TEXT-Fitch: Latin America gov't financing needs back to pre-crisis levels

Tue Jan 29, 2013 11:00am EST

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Jan 29 - Latin American government financing needs are forecasted to decline
to USD428 billion in 2013, or 7.3% of regional GDP, from an average of 9% in the
four years after the global financial crisis, according to a new Fitch Ratings
report.

'Most of the decrease in the region's borrowing requirements stems from the
reduction in domestic and external debt redemptions resulting from adept
liability management in several countries while fiscal deficits reduction
contributes only marginally to the decline,' said Shelly Shetty, Head of Fitch's
Latin America Sovereign Group.

The financing needs of some of the largest economies including Brazil, Colombia
and Mexico, are expected to fall but - except for Colombia - will remain higher
than the Latin American median of 5.9% of GDP in 2013. These countries show
lower fiscal deficits but higher amortizations than their regional peers.
However, the large absorption capacity of their domestic bond markets mitigates
financing risks.

The funding requirements of some of the smaller countries including Bolivia,
Chile, Guatemala, Peru and Uruguay, are lower than the Latin American median
thanks to their sustained growth, prudent fiscal management, low amortizations
and ample financing flexibility. Proactive debt management could further extend
government debt maturities, lower interest costs and support the development of
local bond markets in some of these countries.

Fitch forecasts Ecuador, El Salvador, Dominican Republic, Panama and Venezuela
to pose higher fiscal deficits than the regional median of 2.6% of GDP in 2013.
Argentina, Costa Rica and Jamaica are the only countries where borrowing
requirements are expected to exceed 10% of GDP in 2013.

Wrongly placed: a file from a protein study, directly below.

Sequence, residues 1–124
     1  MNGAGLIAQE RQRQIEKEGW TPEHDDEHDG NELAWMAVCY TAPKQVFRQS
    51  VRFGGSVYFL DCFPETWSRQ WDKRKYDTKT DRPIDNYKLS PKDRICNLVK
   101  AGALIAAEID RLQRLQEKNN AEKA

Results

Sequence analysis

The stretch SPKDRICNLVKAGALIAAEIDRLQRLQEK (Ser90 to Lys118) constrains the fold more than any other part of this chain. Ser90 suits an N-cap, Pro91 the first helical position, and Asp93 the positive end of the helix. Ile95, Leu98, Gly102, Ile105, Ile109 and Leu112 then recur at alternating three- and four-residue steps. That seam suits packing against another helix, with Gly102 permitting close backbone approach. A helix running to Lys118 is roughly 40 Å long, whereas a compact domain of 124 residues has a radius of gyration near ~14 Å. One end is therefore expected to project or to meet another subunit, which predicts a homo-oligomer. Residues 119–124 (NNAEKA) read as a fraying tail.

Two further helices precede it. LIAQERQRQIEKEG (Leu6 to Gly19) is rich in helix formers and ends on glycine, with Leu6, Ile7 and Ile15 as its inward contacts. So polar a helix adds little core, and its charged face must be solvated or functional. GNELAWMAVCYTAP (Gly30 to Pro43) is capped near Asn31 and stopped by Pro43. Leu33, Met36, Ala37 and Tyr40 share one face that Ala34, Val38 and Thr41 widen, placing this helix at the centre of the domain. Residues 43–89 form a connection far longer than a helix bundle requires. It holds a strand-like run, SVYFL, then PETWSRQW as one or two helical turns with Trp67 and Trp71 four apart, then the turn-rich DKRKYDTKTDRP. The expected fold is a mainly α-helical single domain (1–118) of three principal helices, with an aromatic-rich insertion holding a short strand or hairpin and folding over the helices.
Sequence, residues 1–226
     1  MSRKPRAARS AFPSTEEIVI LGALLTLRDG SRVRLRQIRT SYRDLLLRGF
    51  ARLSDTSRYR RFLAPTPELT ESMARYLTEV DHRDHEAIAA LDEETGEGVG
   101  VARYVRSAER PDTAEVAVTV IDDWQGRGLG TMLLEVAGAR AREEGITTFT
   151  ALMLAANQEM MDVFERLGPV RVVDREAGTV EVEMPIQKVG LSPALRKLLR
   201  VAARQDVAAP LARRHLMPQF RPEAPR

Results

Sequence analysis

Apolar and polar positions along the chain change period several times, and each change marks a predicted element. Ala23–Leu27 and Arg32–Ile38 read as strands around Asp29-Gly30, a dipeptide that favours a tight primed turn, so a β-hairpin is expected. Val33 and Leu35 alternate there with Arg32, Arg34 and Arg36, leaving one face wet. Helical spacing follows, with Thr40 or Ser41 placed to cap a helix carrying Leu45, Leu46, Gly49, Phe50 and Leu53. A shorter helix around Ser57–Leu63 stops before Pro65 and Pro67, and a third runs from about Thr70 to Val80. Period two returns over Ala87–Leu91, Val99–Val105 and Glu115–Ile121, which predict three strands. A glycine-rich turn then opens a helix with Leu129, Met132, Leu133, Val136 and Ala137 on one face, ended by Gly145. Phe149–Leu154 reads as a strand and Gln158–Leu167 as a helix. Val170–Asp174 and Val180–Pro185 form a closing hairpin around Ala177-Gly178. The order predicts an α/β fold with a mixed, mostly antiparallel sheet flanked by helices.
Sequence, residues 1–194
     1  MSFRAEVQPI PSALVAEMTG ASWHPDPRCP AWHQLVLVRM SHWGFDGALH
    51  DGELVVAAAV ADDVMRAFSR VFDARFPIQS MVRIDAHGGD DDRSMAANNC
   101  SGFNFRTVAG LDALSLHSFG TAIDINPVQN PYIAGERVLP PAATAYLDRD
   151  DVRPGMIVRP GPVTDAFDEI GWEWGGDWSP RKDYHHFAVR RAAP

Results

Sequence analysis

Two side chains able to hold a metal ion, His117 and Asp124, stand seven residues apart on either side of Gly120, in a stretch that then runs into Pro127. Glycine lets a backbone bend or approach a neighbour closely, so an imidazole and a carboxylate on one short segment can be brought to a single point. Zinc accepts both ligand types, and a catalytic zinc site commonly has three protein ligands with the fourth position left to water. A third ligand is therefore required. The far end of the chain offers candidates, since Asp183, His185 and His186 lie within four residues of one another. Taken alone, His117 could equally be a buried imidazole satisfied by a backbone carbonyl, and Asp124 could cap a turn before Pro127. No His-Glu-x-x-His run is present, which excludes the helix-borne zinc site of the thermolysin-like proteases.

The drive towards domestic and local currency issuance will continue in 2013,
with governments likely to raise up to 91% of their total borrowing requirements
from domestic sources. Countries will progressively lengthen maturities and
substitute floating-rate debt for fixed rate obligations to insulate their
sovereign debt portfolios from interest rate variations.

'Increasing foreign participation in government domestic debt markets will
likely continue this year given the interest rate differentials with the
developed world and stable to appreciating currencies in the region,' said Cesar
Arias, Associate Director in Fitch's Latin America Sovereign Group and co-author
of the report. 'These portfolio inflows are broadening the investor base,
enhancing market liquidity and improving debt composition.'

As a result, Fitch forecasts external bond supply to increase only slightly to
USD19.3 billion in 2013, covering a marginal 4.4% of regional financing needs.
While speculative grade sovereigns with narrower domestic investor bases are
expected to ramp up international issuance in 2013 to cover fiscal gaps and
finance infrastructure plans, placements by investment grade countries - which
use external debt primarily to diversify their funding sources and provide
liquidity to their long-term global benchmarks - could drop by 8% relative to
2012.

Fitch's special report '2013 Latin America Government Financing Needs: Back to
Pre-Crisis Levels amid Improved Debt Management' is available at
'www.fitchratings.com'.

Additional information is available at www.fitchratings.com.

Applicable Criteria and Related Research: 2013 Latin America Government
Financing Needs
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